Mutual Aid: A Factor of Evolution

  title={Mutual Aid: A Factor of Evolution},
  author={P. A. kni︠a︡zʹ Kropotkin}
the ruminants that we find a highly developed practice of mutual aid. The squirrels are individualist to a great extent. Each of them builds its own comfortable nest, and accumulates its own provision. Their inclinations are towards family life, and Brehm found that a family of squirrels is never so happy as when the two broods of the same year can join together with their parents in a remote corner of a forest. And yet they maintain social relations. The inhabitants of the separate nests… 
The Secret Social Lives of Microorganisms Like many organisms, microbes rely on both sociality and altruism to survive and flourish
A s I stood there in the sweltering attic of an English pub, I remember asking myself “Why do I do this?”My face was a few centimeters from an unusually large hornet’s nest, and things were about to
Evolutionary and Behavioural Aspects of Altruism in Animal Communities: Is There Room for Intelligence?
1. The Paradox of Altruism An individual animal can play different roles in communities in dependence of its sex, age, relatedness, rank, and last but not least, intelligence. An individual's path to
Struggle or Mutual Aid: Jane Addams, Petr Kropotkin, and the Progressive Encounter with Social Darwinism
the pluralist Volume 5, Number 1 Spring 2010 : pp. 21–43 21 the year is 1901. Two minor celebrities from opposite corners of the globe share an evening meal in Chicago. Both are politically
Cooperation versus competition in nature and society: The contribution of Piotr Kropotkin to evolutionary theory
In 1902 Piotr Alekseevich Kropotkin published the seminal text Mutual Aid: A Factor of Evolution , proposing the principle of mutual support both as a law of nature and a factor of evolution.
Major Hurdles for the Evolution of Sociality.
Here, concepts and theories in social evolution are synthesized and the evolution of helping is shaped by direct and indirect fitness options and helping is only altruism if it reduces the helper's direct fitness.
The Comparative Evolutionary Biology of Social Behavior
Both models and data suggest that an exceedingly influential factor in higher vertebrate social evolution has been the flexibility afforded by the potential for starting fresh in each generation, with all the possibilities for exploitation of genetic and environmental diversity thus afforded.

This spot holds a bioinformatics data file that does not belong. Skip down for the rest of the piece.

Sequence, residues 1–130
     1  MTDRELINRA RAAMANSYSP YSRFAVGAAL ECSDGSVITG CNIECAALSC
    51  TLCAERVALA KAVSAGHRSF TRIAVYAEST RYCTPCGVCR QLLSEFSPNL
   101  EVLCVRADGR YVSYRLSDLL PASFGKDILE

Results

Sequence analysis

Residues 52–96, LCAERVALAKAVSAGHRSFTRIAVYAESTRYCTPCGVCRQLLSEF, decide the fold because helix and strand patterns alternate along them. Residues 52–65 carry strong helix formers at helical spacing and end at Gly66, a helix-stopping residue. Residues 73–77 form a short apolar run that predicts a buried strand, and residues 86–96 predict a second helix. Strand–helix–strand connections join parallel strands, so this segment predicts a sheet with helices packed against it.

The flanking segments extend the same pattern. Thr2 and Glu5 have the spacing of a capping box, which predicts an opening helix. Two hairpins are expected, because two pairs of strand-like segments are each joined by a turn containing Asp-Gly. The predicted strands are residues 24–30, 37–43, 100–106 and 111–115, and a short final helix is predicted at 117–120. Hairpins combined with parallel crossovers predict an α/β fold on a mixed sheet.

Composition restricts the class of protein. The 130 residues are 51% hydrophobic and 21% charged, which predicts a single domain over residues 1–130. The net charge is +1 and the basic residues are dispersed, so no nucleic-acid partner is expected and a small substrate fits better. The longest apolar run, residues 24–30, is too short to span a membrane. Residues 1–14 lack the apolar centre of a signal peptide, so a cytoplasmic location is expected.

The three faces of ecological fitness.
  • K. Peacock
  • Environmental Science
    Studies in history and philosophy of biological and biomedical sciences
  • 2011
Mutual Aid and Animal Dispersion: An Historical Analysis of Alternatives to Darwin
Petr Alekseyevich Kropotkin (1842-1921) and Vero Copner Wynne-Edwards (1906-1997) developed evolutionary theories that emphasized social groups and cooperation rather than the organism-level natural
The effect of parasitism on personality in a social insect
Toward a theory of genuine altruism in Homo sapiens


The Rationalists of the Twelfth Ce ntury
  • his Monographies and Researches (Russian).
The principal use of the acc umulation of personal wealth is for periodically distributing it.” He also mentions ( loc. cit. p. 31) “the destruction of property for the same purpose
  • (of maintaining equality).
Fraternal assistance in necessity of whatever kind,” “hospitality towards s trangers, when passing through the town, as thus information may be obtained about matters which one may like to learn
  • and “obligation of offering comfort in case of debility” are among the obligations of the members ( Nineteenth Century, Nov. 1890, and Aug. 1892).
  • 1890
In the Mountaineer Co mmunities of Kabardia
  • Vestnik Evropy, April, 1884. With the Shakhsevens of the Mugan St eppe, blood feuds always end by marriage between the two hostile sides (Markoff, in appendix to the Zapiski of the Caucasian Geogr. Soc. xiv. 1, 21).
  • 1884
It never happens that the Papua be untrue to his promise
  • Finsch says in Neuguinea und seine Bewohner, Bremen, 1865, p. 829.
  • 1865
Notes on the Zakataly District
  • same Zapiski, xiv. 1, p. 264. The “joint team” is as common among the Lezghines as it is amo ng the Ossetes.
Notes on the Khevsoures
  • Zapiski of the Caucasian Geogr. Society, xiv. 1, Tiflis, 1890, p. 68. They also took the oath of not marrying girls from their own union, thus displaying a remarkable return to the old gentile r ul s.
  • 1890
The Theory of Beneficency of Struggle for Life, being a Preface to various Treatises on Botanics, Zoology, and Human Li fe
  • by an Old Transformist.
What especial ly characterises such associations
  • A. Baudrillart remarks, “is that no sort of written agr eement is concluded. All is arranged in words. There was, however, not one single case of difficul ties having arisen between the parties.”